US PRESIDENT Joe Biden on Monday invoked the national effort to land a man on the Moon 60 years ago in a speech touting his Cancer Moonshot initiative, which aims to slash cancer death rates across the United States by half.
The Democrat was in Boston for an address deliberately echoing John F. Kennedy's famous 1962 "Moonshot speech" in which he called for landing an American on the lunar surface - something achieved in 1969, after his assassination.
This time, Biden is pushing government-backed efforts to coordinate and fund treatment of cancer, search for cures and generally to prevent the disease through better public health.
Cancer remains the number two cause of death after heart disease and Biden said his Cancer Moonshot can halve death rates over the next 25 years.
"I know we can do this together, because I know this: there's nothing, nothing, nothing beyond our capacity or ability if we work together as the United States of America," he said.
Biden said that as in 1962, when the country was in the thick of the Cold War and domestic tensions were high over civil rights, the United States today is at an "inflection point."
And like Kennedy with his Moon programme, Biden said he wanted to set "a national purpose that could rally the American people in a common cause."
Backing from JFK's daughter
Caroline Kennedy, daughter of the assassinated JFK and now US ambassador to Australia, said her father had defied the doubters in the 1960s, when "scientists weren't sure even that a Moon landing on the surface of the Moon was possible."
Kennedy, however, "understood the power of the idea" and saw the project as a way to unite the country. "No one embodies that spirit more than President Joe Biden," she said. "As president, he has restored the soul of America."
The battle against cancer is personal for Biden: his son Beau died of brain cancer in 2015 when Biden was vice-president to Barack Obama.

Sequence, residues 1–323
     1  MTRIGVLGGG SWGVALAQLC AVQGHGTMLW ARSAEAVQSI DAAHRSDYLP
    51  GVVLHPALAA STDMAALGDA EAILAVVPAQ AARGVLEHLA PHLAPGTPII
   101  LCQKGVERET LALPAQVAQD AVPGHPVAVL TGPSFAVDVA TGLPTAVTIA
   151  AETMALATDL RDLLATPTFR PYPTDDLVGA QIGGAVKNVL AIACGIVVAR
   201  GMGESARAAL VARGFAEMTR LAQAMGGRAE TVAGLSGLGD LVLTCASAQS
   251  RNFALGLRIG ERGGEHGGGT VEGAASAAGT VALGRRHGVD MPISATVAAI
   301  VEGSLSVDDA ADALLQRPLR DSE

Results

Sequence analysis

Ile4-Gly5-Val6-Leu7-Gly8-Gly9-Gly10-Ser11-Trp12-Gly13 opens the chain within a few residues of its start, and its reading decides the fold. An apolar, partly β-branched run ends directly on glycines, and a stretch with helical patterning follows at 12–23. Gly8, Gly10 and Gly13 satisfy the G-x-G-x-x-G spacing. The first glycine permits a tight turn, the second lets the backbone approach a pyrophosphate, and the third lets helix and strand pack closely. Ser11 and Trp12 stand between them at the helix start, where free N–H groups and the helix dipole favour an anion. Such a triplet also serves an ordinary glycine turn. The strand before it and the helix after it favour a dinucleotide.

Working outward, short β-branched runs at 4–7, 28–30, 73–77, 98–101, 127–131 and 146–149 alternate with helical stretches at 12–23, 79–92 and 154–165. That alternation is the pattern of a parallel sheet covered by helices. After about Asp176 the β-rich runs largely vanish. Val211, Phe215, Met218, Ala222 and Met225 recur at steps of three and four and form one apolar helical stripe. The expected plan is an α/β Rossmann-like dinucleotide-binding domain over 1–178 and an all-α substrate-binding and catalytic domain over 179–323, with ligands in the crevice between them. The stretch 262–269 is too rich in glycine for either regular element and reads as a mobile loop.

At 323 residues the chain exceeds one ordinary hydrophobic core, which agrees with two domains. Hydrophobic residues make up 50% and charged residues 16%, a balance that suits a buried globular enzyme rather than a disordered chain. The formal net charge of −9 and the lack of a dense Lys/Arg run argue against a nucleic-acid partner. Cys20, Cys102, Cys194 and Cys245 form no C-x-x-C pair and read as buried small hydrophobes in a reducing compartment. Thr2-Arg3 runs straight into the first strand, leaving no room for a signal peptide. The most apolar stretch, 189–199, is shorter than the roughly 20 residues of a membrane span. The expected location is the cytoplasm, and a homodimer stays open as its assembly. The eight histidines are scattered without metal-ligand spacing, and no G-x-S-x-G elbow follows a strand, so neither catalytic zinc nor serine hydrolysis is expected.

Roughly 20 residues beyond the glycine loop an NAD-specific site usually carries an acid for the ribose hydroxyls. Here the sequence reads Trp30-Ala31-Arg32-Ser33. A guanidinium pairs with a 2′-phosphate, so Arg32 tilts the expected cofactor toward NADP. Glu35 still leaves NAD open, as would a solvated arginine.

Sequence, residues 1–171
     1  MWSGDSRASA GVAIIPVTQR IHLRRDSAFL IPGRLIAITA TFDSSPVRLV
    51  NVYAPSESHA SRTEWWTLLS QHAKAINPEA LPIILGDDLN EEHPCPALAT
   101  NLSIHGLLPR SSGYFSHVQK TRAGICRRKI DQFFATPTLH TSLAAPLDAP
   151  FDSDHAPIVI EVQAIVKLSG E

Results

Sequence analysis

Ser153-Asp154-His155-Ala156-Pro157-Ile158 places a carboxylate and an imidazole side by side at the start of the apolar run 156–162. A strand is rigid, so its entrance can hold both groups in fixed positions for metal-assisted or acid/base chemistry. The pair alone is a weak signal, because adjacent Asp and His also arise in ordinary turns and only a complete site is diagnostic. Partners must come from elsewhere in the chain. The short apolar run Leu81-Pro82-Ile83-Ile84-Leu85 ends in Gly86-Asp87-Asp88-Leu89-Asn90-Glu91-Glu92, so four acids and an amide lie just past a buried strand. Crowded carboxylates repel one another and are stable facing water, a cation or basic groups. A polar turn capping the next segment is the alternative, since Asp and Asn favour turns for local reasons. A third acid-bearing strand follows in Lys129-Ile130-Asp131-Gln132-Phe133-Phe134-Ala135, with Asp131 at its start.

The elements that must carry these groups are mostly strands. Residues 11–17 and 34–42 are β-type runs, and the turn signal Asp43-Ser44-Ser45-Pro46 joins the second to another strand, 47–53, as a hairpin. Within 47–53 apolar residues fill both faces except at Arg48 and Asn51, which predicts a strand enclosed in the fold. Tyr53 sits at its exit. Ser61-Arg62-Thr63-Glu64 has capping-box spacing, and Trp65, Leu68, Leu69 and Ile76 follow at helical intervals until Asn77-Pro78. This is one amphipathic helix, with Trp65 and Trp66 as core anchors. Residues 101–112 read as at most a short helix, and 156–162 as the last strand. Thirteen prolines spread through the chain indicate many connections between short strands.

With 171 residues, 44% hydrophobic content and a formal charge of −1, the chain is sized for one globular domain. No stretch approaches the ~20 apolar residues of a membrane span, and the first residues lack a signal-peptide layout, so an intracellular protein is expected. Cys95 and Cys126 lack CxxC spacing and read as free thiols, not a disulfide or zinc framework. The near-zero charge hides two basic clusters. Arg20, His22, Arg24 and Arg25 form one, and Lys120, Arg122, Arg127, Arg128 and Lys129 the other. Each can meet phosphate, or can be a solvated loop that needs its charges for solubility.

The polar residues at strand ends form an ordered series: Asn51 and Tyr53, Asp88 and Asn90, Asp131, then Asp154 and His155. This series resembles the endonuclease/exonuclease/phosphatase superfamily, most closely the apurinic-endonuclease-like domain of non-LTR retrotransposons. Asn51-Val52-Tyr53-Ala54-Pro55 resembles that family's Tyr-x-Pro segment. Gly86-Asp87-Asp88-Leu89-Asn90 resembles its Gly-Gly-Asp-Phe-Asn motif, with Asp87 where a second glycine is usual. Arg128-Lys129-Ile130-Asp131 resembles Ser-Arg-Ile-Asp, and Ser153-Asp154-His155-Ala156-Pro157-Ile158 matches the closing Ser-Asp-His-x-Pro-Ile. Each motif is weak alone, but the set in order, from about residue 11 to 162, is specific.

Biden noted that cancer "does not discriminate..., it doesn't care if you're a Republican or Democrat."
"I give you my word as a Biden: this Cancer Moonshot is one of the reasons why I ran for president."
The linkage to the Moon programme also sought to add to Democratic momentum ahead of November's midterm congressional elections where the Democrats face the possibility of a Republican sweep in Congress, severely complicating the last two years of Biden's first term.
Change the trajectory
Biden said his plan will push for cures and ways to manage cancer, turning "more cancers from death sentences into chronic diseases that people can live with." "We know we can change the trajectory," he said.
The president said he was harnessing funding but also government expertise in high-tech research similar to the defense industry, where public-private partnerships drive innovations in weaponry and other military needs.
A new agency named Advanced Research Projects Agency for Health (ARPA-H) and the White House's new "cancer cabinet" will "increase funding to break log jams and to speed breakthroughs," while getting entrepreneurs support from cutting edge scientists with NASA, the Pentagon and the energy department.
The goal is to "use all the assets we have," Biden said, and this "may require unusual partnerships."
Earlier, Biden signed an executive order meant to bolster the trailblazing US biotech sector's efforts to take on growing commercial rivals in China.
The order brings federal support for "areas that will define US biotechnology leadership and our economic competitiveness in the coming decades," a senior Biden administration official told reporters.
The official said that while US biotech research leads the world, the industrial applications are increasingly in the hands of other countries.
"Unless we translate biotechnology innovation into economic and societal benefits for all Americans, other countries, including and especially China, are aggressively investing in this sector," posing a "risk," the official said.
The White House says the US biotech industry is on the cutting edge of medical advances - recently seen in the rapid development of vaccines, tests and therapeutics to help manage the Covid-19 pandemic - but that the potential scope goes much further.
The official speaking to reporters cited studies suggesting that "before the end of the decade, engineering biology holds the potential to be used in manufacturing industry that accounts for more than one third of global output. That's equivalent to almost US$30 trillion in terms of value."
Growing areas for biotech industry include new plastics and rubbers, jet fuel, and environmentally friendly fertilisers. AFP